Hawaiian dispensaries have been experiencing a heavy cost over the last year. While the state was one of the first to legalize medical marijuana, it was only legalized for sale in 2015. Up until that point, for the entire 17 years the plant has been legal, patients have either had to grow their own or acquire it through the black market. Hawaii has 17,000 registered medical marijuana patients who have been awaiting the day they could legally purchase the marijuana they need for their health. Technically, that day came in July 2016, when dispensaries were finally allowed to legally open, but there was one monumental problem. No testing facilities have been approved.
The Problems Arising from the Testing Facility Delay
This means that medical marijuana cultivators have been able to grow plenty of product and dispensaries have the legal license to sell but there is no one licensed to approve the product for sale. Therefore, there is no legal medical marijuana available for patients to buy. This is a devastating reality for dispensaries such as Aloha Green that are currently having to fork out approximately $100,000 a month for rent and the cost of business without any income being made. It has been equally disturbing for patients who have waited so long to have access to high quality medical marijuana for relief of their debilitating conditions.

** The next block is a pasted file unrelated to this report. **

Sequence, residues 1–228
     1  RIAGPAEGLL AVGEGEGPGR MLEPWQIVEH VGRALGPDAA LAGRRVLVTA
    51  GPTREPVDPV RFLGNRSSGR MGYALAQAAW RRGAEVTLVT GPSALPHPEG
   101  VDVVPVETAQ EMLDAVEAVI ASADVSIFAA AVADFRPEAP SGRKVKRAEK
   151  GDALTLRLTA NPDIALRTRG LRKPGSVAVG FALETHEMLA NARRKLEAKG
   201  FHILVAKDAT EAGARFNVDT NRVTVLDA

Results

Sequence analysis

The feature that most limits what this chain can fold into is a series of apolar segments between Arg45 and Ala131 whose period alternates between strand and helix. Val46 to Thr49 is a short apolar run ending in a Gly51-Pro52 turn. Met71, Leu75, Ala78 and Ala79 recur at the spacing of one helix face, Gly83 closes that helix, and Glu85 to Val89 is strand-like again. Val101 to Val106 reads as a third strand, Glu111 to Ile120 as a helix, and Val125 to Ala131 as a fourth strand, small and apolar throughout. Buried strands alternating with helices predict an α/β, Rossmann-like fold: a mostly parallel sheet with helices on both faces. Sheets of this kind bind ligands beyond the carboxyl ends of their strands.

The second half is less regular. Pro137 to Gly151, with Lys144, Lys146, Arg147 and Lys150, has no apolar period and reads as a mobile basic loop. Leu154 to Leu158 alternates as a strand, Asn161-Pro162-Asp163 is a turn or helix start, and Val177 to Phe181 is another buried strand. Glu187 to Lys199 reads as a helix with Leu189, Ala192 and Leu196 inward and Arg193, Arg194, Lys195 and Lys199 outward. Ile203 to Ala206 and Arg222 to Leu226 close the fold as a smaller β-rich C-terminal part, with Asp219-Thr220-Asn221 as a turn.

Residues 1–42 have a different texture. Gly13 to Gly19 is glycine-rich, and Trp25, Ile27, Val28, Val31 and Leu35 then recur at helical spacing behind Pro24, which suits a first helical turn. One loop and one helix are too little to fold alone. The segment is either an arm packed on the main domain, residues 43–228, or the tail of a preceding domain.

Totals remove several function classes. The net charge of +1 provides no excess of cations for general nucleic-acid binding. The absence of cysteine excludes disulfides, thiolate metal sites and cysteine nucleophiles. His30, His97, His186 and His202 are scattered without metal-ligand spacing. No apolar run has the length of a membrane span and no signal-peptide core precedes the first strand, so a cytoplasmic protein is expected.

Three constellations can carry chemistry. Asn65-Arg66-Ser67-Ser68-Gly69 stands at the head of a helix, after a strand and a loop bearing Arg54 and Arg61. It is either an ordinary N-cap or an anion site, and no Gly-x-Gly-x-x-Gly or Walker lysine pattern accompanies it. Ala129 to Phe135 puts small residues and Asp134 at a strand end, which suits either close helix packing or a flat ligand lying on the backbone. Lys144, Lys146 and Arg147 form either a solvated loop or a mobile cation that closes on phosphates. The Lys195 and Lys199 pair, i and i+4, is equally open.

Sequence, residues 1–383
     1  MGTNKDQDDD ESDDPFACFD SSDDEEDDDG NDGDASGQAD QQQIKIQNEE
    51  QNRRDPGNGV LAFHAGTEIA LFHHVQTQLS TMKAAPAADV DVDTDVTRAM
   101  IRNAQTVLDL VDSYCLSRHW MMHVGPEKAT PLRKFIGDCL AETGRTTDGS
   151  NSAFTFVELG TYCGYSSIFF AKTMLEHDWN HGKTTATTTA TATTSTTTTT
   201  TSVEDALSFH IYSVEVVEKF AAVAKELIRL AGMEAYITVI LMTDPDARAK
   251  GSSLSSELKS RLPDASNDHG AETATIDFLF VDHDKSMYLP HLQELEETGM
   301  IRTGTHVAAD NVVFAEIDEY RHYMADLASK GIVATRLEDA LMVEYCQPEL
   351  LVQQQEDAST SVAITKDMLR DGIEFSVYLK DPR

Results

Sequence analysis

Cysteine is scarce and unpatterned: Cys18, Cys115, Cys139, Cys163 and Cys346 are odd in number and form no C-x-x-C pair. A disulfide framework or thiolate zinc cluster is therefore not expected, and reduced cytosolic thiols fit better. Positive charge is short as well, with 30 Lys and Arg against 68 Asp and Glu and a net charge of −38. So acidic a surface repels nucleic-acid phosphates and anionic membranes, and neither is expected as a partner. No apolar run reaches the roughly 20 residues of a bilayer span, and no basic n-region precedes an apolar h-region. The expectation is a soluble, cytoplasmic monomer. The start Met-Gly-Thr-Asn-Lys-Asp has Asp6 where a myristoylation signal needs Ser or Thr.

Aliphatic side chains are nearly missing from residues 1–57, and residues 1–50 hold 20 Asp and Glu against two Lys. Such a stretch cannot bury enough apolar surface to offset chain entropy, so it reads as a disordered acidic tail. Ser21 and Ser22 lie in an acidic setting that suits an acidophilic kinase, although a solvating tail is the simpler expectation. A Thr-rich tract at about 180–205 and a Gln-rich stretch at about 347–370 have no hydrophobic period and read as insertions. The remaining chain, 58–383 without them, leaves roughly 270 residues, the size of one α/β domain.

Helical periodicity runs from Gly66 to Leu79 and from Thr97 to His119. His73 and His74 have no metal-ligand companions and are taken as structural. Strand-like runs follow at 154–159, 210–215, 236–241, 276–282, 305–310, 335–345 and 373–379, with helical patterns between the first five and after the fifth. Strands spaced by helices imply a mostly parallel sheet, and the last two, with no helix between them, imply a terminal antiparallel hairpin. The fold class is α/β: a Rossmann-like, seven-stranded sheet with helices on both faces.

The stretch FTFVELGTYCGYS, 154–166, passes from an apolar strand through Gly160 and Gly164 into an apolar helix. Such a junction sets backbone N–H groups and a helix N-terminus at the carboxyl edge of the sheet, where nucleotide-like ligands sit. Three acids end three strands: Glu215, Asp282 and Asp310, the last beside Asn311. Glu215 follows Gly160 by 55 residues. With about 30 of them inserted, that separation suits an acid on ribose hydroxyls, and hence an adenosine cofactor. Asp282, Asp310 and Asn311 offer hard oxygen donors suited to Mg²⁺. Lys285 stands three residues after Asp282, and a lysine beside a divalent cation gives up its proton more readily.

The Beginning of Certification
In the past few weeks, the Department of Health in Hawaii began to make some forward progression towards getting labs up and running. Testing facilities such as Steep Hill Hawaii and PharmLabs Hawaii have noted that the department improved communication in the past couple of weeks and began the process of handing out certifications. The department is currently waiting on labs to submit information proving that their procedures produce accurate results. Labs are expected to submit data by the end of the week. Keith Ridley from the Department of Health seems to believe that dispensaries may be able to start selling marijuana in the summer of this year. He told Civil Beat “Certainly by the end of the year. We’re working very hard to get them open as quickly as possible.”
Learning from History
Becky Dansky, who is legislative analyst for the advocacy group Marijuana Policy Project, explained to The Cannabist that it usually takes states approximately 2 years to set up the infrastructure of their medical marijuana industry. She believes that 1 year was too short a time to estimate that the industry would be ready to start selling.
In the meantime, Aloha Green has decided to open its doors and let the public look around the dispensary, despite it being empty of sellable items. The store believes it will help to destigmatize marijuana and get people comfortable in the dispensary environment. Officials seem committed to resolving the issue as soon as possible. Until then, dispensaries are simply expected to patiently struggle to make it through, persevering any way that they can.